The treatment for EDS doesn't have a set protocol. The treatment for each patient is tailored to fit their needs. The treatment for EDS is supportive at best for the moment. Treating the symptoms of the disease is what physicians focus on. There are some experimental treatments involving injections of ascorbic acid on a daily basis, but this is experimental, and not a mainstream treatment.
Bracing is one area that I personally have a lot of experience in. I have had over 50 different braces in the past 8 years, the most impressive of course are my KAFO braces which are custom molded to my legs. They reverse engineered my legs and build carbon fiber braces around the plaster versions of my legs and when they were finished they fit like a glove.
The other way that doctors help to manage your EDS is to manage the symptoms. This includes the gastric, inflammatory, and pain issues. Now bear in mind there are other disorders associated with EDS. But we are not talking those right now. Our main focus at the current time is just the symptoms from EDS.
Pain is a huge issue with EDS. and Inflammation is one of the key reasons for pain. When a joint dislocates, it causes the bones in the joint to rub together which causes inflammation and pain. Depending on the severity of the joint laxity, a person's joints can sublux and dislocate several times a day. And this also puts strain on the muscles, which can cause micro tears within the muscle.
So using anti-inflammatories such as NSAIDS. Inflammation is reduced and hopefully so is the pain. But this often is not the case so stronger medications are needed. Several different therapies are used. Click on the link below to read the article I wrote on all the pain medications I have tried and the different pain management options there are out there.
Before I had those, when I was in the Army, I had several braces, one pair for each set of joints, wrists, elbows, knees, ankles, etc. This took quite a while to put on, they were hot, cumbersome and had to be worn under my uniform so it was very uncomfortable.
Braces help with the pain, but like I mentioned before, depending on the time of year and the climate that you live in, they can be very hot, cumbersome, and can chew up your skin. To counteract the irritation to the skin, I wear athletic sleeves under the braces and compression stockings under the leg braces. This helps with the pain and chaffing so it's a double whammy.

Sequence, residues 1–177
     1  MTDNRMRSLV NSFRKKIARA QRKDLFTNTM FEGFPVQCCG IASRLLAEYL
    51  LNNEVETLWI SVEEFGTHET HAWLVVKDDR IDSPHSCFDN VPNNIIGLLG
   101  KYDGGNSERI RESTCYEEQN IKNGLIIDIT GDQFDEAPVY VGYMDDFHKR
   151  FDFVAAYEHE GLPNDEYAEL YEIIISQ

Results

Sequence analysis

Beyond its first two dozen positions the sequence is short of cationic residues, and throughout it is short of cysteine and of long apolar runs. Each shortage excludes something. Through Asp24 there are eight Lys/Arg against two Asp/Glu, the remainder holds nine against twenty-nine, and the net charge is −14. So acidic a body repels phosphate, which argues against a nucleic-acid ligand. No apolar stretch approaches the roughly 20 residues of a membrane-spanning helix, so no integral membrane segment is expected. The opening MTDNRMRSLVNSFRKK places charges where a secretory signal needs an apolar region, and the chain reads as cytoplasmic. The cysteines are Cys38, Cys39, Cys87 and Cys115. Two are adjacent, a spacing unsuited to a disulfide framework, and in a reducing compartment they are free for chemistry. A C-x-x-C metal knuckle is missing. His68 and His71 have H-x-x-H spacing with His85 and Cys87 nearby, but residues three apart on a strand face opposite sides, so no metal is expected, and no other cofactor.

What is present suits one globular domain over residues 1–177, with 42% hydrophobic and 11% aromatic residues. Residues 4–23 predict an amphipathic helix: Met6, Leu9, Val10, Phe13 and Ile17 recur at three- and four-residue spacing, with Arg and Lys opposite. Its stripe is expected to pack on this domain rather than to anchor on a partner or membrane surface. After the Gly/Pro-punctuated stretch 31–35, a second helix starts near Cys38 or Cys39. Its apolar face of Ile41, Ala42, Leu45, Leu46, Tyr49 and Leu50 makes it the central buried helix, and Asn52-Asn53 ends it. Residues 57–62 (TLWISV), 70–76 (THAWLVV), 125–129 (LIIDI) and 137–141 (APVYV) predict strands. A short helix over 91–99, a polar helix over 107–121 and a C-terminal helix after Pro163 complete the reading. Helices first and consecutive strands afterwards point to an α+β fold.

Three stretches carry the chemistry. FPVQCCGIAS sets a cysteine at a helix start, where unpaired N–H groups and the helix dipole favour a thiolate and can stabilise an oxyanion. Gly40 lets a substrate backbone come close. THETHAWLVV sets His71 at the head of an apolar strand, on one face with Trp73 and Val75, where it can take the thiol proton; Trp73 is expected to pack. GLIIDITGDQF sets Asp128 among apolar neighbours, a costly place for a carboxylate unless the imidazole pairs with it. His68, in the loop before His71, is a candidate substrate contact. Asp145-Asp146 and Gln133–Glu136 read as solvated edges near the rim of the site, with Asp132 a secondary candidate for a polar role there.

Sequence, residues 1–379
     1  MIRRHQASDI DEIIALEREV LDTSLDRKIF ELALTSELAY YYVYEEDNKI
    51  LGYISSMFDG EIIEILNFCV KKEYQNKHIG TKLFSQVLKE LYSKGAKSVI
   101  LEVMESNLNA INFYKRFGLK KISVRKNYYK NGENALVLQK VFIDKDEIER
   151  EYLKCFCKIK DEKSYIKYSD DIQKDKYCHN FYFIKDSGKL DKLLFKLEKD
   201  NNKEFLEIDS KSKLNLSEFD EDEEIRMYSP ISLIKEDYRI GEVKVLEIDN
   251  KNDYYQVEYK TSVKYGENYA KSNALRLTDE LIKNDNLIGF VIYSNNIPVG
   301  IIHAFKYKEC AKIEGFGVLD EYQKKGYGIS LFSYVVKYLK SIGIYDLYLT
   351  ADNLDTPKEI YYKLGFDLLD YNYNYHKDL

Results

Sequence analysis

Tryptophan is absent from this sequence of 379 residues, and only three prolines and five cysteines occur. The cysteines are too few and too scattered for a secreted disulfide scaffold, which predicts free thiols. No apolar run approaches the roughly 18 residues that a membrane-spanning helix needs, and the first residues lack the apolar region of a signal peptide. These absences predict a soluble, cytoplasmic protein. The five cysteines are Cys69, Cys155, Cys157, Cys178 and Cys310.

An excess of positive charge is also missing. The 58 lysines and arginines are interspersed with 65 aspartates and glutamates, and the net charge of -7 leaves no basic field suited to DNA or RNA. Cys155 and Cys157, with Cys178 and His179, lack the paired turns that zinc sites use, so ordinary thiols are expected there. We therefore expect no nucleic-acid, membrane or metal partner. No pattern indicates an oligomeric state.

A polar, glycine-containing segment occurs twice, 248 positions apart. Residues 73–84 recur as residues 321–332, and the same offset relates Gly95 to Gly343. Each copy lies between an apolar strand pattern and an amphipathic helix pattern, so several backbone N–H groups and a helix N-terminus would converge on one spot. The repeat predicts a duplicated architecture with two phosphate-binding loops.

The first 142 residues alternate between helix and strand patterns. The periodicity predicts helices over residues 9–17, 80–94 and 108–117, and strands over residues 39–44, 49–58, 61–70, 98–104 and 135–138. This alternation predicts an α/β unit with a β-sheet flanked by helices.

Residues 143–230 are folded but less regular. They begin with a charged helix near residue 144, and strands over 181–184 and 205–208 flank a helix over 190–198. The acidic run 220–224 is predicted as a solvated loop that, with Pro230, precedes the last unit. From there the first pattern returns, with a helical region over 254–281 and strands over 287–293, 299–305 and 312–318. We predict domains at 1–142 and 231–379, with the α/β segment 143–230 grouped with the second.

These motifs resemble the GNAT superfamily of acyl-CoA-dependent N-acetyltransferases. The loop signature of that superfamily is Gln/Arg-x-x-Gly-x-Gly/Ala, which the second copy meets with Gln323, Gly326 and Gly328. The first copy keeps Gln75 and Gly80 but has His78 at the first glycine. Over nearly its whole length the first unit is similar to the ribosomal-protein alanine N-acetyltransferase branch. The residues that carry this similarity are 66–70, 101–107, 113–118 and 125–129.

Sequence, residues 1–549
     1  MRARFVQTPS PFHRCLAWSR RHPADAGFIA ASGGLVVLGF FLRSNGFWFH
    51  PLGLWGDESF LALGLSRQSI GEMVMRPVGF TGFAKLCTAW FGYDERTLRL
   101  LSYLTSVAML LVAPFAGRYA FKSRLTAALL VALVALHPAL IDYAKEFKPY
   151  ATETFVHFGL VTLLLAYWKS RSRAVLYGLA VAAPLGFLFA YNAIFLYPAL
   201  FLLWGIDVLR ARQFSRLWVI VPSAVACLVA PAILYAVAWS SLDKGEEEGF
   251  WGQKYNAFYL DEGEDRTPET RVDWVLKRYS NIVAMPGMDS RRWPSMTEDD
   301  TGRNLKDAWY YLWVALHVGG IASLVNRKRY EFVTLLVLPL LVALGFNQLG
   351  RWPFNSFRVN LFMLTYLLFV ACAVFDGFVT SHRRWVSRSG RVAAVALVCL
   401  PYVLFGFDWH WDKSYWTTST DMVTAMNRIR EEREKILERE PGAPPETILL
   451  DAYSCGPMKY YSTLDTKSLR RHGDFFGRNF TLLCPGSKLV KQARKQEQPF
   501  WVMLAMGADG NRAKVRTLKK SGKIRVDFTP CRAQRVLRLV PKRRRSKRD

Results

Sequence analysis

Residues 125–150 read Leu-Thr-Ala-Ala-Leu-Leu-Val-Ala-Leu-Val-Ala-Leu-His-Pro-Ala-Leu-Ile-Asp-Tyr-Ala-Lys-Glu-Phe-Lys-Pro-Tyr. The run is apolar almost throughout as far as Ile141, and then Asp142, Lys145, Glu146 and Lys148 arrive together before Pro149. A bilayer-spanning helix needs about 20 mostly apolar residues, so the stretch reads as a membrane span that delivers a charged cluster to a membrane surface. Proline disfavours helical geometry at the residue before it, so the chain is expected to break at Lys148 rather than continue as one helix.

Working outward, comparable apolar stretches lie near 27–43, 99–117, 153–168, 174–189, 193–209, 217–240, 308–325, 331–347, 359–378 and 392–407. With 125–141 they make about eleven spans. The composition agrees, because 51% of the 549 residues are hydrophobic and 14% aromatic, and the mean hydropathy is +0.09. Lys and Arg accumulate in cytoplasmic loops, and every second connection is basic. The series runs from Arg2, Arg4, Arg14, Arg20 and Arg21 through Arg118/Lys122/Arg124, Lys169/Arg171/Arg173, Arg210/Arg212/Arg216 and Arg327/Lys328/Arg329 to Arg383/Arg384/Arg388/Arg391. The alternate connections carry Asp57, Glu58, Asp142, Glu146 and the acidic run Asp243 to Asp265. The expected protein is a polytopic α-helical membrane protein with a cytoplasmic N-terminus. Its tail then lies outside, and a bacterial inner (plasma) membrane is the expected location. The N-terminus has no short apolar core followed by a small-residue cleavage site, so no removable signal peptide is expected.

And I was recently diagnosed with POTS. And while I was talking to my doctors about how to manage it, I learned that compression can help deal with some of the symptoms. I had never put two and two together that I did feel better while I was wearing the compression stockings. But once I learned about it, I thought back it made sense.
Physical therapy is another aspect of treatment for EDS. Strengthening the muscles that hold the joints together will help keep them from slipping in and out of socket as much and in the long term will reduce the amount of pain and damage they sustain. This takes time and specialized therapy.
This should be done by a Physical Therapist familiar with EDS so they understand how the biomechanics of the disease affect the joints differently than they do of the average patient. This will reduce the risk of further damage to the joints. Aqua therapy is a great form of PT because it is all resistance and zero shock. This includes walking on a submerged treadmill, in a pool, or swimming.
PT is important but overexertion needs to be avoided because this can lead to causing more damage than good and cause further problems down the road. Moderation is the key to any good therapy program when it comes to EDS. Bear that in mind. You may feel great one day and want to push yourself harder than normal, but you may end up regretting it for the next three days. So take it slow and steady. And keep to a pace thatyou can do every time.
And lastly we come to the management of the gastric symptoms. This can vary in range from simple acid reflux (GERD) to chronic constipation and diahhrea which seems to come in a vicious cycle of either or. There rarely seems to be a happy median between the two. Also if the patient is on narcotic pain medication to manage the pain associated with EDS, their bowels tend to slow down which leads to chronic constipation. Then medication is given to reverse these effect.
And then medications are sometime prescribed to manage the side effects and this can create a huge list of medications that the patient takes on a daily basis. Finding that perfect balance can take years and sometimes modifications to the therapy may be required over the years.
But once an effective treatment is found, it should not be messed with. Make sure you have a medical team who is educated in dealing with EDS and the related issues associated with it. This is paramount in getting the best quality of care possible. This should not be attempted on your own. Only with a licensed medical team, who are experts in their field.
They have years of education and experience in clinical medicine. No one knows your body better than you. But finding the best way to treat you is a team effort between you and medical experts.